Review by Claudine Yip
Tundra Books, May 2022
279 pages, Hardcover, $23.99 CAD, 978-0-7352-7149-4
Ages 8-12, Grades 3-7
Middle Grade, Historical Fiction
When a bad thing is happening, parents think the best thing to do is not talk about it. Everyone is too scared to mention the elephant in the room, the annoying uncle or the war on the horizon. They think that if they talk to us openly about the bad thing (that has happened or is happening or will happen), that somehow the bad thing will get bigger. Expand. Instead, they don’t see that conversation could lighten the load, turn the elephant into a butterfly, build a path towards peace.
Burgeoning poet and eleven-turning-twelve-year-old Mona Hasan has an opinion about everything, so it’s only fitting she has a diary to record all her thoughts. And in 1991, with a seventh-grade boy who might actually like her, her mother’s first pregnancy in eight years, and the Gulf War creeping closer and closer to her home in Dubai, there’s plenty of fodder for musings. Spread out over a year and told through Mona’s hilarious and emotive diary entries, The Secret Diary of Mona Hasan is a vibrant story that depicts the ripple effects of a war amid the immediacy of the pre-teen experience.
So much of this novel’s heart comes from the multitude of characters Mona encounters through the year. The transitions from school in Dubai in the United Arab Emirates, to summer break in Islamabad, Pakistan, to a new start in Halifax, Canada, bring new waves of characters with each season. Some of my favorite moments in the novel were during Mona’s time living at her paternal grandmother’s home in Pakistan with her five cousins and other extended family. From belting Pakistani pop in the car with her uncles to eavesdropping on her aunt’s romantic pursuits, or squishing onto a single kids bike with three other cousins and her sister, what stood out to me was the familial joy that encompassed the setting. Moving to Canada right after Mona returns home only emphasizes the Hasan family’s loneliness in a small(-minded) town. The sense of community from her family and friends that the harsh Canadian winter strips away is all the more heartbreaking because of the contrast.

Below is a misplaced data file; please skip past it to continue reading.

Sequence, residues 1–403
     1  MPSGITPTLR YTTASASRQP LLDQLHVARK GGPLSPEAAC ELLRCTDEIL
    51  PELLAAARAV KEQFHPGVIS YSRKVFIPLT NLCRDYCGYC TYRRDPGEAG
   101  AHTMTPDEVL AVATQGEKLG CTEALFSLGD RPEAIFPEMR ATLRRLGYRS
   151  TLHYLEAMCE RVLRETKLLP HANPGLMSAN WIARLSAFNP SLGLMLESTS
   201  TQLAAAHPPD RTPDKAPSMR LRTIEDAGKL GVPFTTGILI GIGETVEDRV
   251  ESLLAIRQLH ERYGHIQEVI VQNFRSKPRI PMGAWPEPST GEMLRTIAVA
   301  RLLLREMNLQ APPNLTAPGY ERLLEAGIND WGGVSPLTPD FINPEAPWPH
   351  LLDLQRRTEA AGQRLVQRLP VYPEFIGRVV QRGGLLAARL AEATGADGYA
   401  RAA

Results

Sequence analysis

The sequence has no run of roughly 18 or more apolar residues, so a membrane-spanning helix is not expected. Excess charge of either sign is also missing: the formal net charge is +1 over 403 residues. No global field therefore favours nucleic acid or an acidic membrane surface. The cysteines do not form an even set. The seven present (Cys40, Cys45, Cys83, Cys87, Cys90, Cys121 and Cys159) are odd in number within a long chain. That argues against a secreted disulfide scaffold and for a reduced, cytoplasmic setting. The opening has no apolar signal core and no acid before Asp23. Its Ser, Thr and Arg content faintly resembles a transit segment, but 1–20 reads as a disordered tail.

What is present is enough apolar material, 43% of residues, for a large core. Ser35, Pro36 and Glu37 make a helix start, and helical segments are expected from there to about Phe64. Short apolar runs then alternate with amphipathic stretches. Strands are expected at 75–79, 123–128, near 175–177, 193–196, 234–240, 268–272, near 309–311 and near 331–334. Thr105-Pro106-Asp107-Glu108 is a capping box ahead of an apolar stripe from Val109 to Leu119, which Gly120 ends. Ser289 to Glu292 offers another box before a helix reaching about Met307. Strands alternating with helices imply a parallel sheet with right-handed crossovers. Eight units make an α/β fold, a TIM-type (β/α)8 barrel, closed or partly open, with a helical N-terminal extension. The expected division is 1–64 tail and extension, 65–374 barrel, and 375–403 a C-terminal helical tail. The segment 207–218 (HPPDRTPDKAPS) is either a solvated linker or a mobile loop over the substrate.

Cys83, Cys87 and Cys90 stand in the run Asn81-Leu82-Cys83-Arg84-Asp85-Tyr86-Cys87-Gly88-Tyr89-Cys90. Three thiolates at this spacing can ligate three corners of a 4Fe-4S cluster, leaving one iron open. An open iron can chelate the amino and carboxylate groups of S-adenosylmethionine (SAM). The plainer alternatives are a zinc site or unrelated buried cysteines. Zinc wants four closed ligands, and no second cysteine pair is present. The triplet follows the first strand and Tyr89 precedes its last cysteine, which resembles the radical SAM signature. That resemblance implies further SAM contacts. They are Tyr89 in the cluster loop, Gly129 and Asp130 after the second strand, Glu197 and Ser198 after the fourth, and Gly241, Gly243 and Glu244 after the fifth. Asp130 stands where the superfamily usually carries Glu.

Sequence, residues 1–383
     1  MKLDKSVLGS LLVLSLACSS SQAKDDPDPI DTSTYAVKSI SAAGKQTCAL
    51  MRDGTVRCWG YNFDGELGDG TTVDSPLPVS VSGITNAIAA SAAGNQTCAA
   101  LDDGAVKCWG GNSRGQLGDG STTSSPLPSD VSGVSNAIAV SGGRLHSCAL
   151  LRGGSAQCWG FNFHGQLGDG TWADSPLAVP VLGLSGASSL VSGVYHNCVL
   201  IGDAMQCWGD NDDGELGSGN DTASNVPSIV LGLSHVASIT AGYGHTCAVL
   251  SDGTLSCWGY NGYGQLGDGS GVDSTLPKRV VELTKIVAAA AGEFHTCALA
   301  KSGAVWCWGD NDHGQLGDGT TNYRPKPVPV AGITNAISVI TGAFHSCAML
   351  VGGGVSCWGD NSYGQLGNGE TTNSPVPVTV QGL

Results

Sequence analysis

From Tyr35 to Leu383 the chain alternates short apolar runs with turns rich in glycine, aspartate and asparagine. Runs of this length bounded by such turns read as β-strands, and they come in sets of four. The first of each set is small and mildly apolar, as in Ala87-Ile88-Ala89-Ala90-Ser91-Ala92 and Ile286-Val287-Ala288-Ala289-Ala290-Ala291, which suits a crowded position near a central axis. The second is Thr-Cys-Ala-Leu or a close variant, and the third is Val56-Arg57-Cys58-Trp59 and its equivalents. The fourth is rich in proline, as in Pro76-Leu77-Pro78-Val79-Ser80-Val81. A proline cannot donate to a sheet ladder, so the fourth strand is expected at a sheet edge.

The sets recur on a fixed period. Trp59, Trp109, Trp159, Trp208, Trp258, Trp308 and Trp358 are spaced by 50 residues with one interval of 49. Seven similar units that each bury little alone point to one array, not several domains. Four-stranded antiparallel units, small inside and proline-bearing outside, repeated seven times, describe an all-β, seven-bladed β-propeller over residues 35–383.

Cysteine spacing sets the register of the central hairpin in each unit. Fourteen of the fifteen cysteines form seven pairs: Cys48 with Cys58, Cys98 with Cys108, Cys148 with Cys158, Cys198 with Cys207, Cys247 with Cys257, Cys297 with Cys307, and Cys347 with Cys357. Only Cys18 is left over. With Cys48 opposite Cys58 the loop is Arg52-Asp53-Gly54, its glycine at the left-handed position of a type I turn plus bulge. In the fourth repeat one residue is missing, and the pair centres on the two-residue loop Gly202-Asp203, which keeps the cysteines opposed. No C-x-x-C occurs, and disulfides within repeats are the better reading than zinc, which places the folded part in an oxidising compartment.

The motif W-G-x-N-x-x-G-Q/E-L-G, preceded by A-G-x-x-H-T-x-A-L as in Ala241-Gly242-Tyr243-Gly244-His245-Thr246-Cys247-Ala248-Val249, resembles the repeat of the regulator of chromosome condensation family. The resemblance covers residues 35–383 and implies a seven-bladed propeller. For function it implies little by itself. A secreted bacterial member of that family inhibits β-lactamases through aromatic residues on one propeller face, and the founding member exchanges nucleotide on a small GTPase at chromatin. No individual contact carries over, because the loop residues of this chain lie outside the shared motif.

What struck me most about the book was Mona’s relentless optimism. Despite always being a bit of an outsider, be it from wearing knee-high socks instead of full-length tights, living in air-conditioned Dubai instead of Pakistan with the rest of her cousins, or being the new kid (of colour) in school, Mona marches through life utterly confident in her skills and what she has to offer. While her desire to be the best and be seen as the best sometimes brings hardships in her life, like not being able to share the realities of her new life in Canada with the best friend she left behind, Mona also shows her growth in quieter moments, with the gentle guidance and the wise words of those around her who love her. Mona’s diary allows readers to witness the full range of her character in a delightful mixture of prose and poetry, including those moments of personal reflection and wisdom, and presents an impressive and ever-evolving vocabulary with it.
Fans of unapologetic female protagonists will find The Secret Diary of Mona Hasan a pocket joy in an endlessly messy world. Despite updates about the war and eavesdropping on her parents’ whispered arguments for and against immigration, what continues to grip Mona—and the reader—the most are her everyday joys and annoyances: cliques, crushes, chores, and more. Her struggle to fit in amongst her peers, fluttering feelings of first love, or disagreements with her parents: these are what inspire the most poems sprinkled throughout her diary entries and comprise what is special and relatable Mona’s life.
Claudine Yip is a recent BFA graduate who studied Creative Writing with an Art History minor at UBC. She is currently drafting her way through a YA contemporary novel and sporadically blogs about food as an excuse to post all the pictures she takes at bubble tea shops. Visit her at @cyieat on Instagram and @claudineyip on Twitter.